Saturday, July 1, 2017

Miles of Smiles

One valley in the Faragas mountains
On a cool September 20th in 1974, the Transfagarasan Road was completed. It took four and a half years to carve this engineering marvel over one of Romania's highest mountains. Today it is considered one of the most beautiful highways in the world.

In fact, the popular television show, 'Top Gear' referred to this asphalt ribbon as one of the world's best roads.

We can not refute that claim.

J and L drove this beautiful landmark late June and breathtaking would be an understatement to describe this majestic highway cut through passes, valleys, and anything else that got in the way of the dream of a megalomaniac.

A bit of a winding road.

In 1970, the Communist Dictator of Romania, Nicolae Ceausescu, came up with an almost impossible task. Of course, no one says 'no' to such a ruthless person as Ceausescu, and thus the idea of a road through very high mountains was to be realized. Now, it was up to the engineers in the military - isn't that always the case with communist regimes? It's up to the military to make things happen because civilians may say - 'Huh, a highway where and what for?"

Build what over what?
Ceausescu wanted to build a road between the counties of Wallachia and Transylvania in case the Soviet Union invaded Romania as they had done with Czechoslovakia in 1968. He thought if the Soviets invaded, he could command his military to secure this road and keep the Soviets on their heels. They may lose either Wallachia or Transylvania, but one would be saved. Too bad that the road is closed most of the year due to the heavy amounts of snow that build up at this high elevation, making it nearly impossible to secure any of it.
A lot of bridges over the roadway

Oh well - sounded like a good idea (not).

The road was built in a little over four and a half years using 14 million tons of dynamite and the loss of 38 military personnel. The cost of building a road - unknown tons of mountain side along with a the human fatalities. Ceausescu demanded the road and the highway was built, and so it deserves the nickname it earned from the Roma (locals): Nicolae's Folly.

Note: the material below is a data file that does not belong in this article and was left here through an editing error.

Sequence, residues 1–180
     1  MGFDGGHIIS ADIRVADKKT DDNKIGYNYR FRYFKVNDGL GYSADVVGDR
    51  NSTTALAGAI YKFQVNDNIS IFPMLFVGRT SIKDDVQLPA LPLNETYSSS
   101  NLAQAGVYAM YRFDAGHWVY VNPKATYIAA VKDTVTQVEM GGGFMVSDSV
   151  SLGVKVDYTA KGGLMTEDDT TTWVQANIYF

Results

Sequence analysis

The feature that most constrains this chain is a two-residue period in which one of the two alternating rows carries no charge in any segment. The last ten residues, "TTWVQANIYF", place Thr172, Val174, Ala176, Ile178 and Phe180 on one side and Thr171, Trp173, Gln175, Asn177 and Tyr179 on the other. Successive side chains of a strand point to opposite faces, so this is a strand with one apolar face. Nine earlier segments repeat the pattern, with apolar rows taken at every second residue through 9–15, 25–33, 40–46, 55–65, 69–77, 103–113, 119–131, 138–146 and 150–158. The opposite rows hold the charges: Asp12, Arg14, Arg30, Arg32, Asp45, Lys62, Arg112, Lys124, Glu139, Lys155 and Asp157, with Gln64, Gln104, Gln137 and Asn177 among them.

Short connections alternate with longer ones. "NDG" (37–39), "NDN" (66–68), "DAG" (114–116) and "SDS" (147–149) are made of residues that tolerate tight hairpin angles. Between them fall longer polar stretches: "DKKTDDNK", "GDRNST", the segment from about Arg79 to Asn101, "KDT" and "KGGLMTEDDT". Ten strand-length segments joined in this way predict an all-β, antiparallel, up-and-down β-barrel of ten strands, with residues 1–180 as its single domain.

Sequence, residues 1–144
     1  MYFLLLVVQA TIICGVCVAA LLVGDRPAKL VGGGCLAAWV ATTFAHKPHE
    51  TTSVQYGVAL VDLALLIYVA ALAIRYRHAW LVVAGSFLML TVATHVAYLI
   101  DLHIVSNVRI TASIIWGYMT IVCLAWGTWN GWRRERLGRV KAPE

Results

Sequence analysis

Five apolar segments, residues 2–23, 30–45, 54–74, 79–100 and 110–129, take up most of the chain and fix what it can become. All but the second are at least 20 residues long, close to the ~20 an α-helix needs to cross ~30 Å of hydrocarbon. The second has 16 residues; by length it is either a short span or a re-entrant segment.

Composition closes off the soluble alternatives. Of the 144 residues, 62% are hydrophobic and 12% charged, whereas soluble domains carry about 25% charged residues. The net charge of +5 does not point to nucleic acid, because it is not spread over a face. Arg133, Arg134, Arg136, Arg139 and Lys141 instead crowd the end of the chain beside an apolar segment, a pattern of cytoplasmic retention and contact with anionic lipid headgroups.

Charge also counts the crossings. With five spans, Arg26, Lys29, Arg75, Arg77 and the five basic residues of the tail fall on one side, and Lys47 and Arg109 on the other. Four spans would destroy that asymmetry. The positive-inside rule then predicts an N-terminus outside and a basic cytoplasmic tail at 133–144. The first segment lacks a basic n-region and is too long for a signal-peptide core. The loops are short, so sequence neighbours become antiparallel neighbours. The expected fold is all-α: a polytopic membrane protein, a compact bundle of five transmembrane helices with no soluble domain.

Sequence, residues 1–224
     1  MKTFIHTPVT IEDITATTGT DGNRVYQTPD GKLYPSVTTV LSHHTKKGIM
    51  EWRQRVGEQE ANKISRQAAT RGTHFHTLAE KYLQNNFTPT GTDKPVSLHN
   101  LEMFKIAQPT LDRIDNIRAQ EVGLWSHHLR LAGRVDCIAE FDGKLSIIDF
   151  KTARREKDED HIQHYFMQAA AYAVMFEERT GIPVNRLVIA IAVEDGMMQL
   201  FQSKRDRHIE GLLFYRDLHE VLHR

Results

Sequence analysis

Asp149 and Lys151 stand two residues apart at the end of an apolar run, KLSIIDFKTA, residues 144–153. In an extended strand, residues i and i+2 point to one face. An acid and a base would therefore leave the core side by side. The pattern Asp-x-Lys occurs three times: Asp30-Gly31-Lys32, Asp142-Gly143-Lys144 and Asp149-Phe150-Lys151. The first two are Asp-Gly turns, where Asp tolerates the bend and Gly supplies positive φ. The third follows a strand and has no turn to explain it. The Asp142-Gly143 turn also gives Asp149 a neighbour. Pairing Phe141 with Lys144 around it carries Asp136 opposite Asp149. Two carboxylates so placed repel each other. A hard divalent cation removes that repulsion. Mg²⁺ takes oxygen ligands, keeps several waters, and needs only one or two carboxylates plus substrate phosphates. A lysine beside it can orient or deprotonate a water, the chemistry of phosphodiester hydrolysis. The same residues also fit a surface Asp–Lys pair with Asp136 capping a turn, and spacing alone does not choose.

It's the Communist way, but enough of the politics - for now.

Laureen feeling the power of the waterfall
The drive through the Fargas Mountains takes roughly three hours but could be less if the scenery wasn't so darn unbelievable. It truly is one of the most scenic roads J or L have ever driven. The switchbacks (a million of them if we counted correctly) make for a spectacular view at every turn. The thick green forests making visibility out either the driver or passenger window nearly impossible and then suddenly getting so high in elevation that the tree line is staring you in the face is amazing. Nothing but mountains - bare, exposed and stunning. That's where the road can really be appreciated.
John trying to help a runaway piece of glacier

Magnificent glaciers poke their iciness around nearly every bend, waterfalls pounce out of nowhere allowing the traveler a chance to hear and see one of natures most beautiful acrobatics, stunning views of nature at every inch of the highway and yes, there are also sights only humans can create.

So many sheepies and no where for them to go except the highway.

Not once or twice, but three times J and L had to stop on this highway for a time to allow sheep and sheep herders to clear the roadway. This road is the access from one side of the Fagaras Mountains to the other and the sheep herders don't mind the walk and it seemed as though the sheep didn't mind either. There was a 'baa' here and a 'baa' there and we were obliged to wait until the sheep cleared to one side or the other on the highway before we could safely to pass. No warning was needed - a sheep hood ornament was not on order for the day.

Thanks for the help. How to pass a million sheep? A sheepherder, of course.

This road had everyone, both locals and tourists, stopping to take a thousand photographs with phones, cameras, whatever was handy. No one got angry if a vehicle slowed to a stop since it only made sense to get out and breathe the fresh mountain air, and enjoy the wonder that both God and man had a hand in making.

Top Gear had it right, but perhaps the best aspect of this path through the Fargaras Mountains is how peaceful the scenery surrounding the road is. It's a highway to experience with all senses.

Our rented Audi handled the road expertly and there were times that J put his foot into the pedal - after all, sometimes a hair-pin turn needs to be tested.

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